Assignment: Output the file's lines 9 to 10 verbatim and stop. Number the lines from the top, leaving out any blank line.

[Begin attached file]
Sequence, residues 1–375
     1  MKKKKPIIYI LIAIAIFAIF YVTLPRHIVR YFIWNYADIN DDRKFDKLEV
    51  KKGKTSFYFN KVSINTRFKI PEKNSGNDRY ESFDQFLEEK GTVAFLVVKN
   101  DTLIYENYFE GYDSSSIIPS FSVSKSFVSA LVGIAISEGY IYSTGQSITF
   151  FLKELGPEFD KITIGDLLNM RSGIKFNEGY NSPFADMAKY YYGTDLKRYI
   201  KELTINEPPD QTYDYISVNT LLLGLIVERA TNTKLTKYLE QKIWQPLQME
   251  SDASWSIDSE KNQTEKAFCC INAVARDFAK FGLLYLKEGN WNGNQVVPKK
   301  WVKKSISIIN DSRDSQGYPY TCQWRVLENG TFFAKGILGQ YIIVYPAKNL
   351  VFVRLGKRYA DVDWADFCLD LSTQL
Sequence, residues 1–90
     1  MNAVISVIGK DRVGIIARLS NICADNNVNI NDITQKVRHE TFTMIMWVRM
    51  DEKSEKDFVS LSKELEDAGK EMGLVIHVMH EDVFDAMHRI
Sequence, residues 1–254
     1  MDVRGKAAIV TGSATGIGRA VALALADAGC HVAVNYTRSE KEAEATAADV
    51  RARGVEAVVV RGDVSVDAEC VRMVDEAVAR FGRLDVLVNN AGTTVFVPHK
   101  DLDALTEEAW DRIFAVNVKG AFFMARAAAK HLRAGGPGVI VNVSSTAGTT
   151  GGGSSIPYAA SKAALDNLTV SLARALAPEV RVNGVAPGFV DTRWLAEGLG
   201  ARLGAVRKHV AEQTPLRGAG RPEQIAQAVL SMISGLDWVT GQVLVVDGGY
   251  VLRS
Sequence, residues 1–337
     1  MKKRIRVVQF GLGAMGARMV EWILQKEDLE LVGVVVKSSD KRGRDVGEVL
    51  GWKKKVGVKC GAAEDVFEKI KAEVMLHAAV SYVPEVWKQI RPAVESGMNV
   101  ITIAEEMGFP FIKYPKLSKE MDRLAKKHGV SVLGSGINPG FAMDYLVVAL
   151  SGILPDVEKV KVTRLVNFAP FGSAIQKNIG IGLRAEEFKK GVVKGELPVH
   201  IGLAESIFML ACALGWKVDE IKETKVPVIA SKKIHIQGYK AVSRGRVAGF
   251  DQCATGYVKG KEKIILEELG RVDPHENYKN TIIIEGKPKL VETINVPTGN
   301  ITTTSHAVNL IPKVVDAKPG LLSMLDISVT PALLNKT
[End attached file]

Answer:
   351  VFVRLGKRYA DVDWADFCLD LSTQL
Sequence, residues 1–90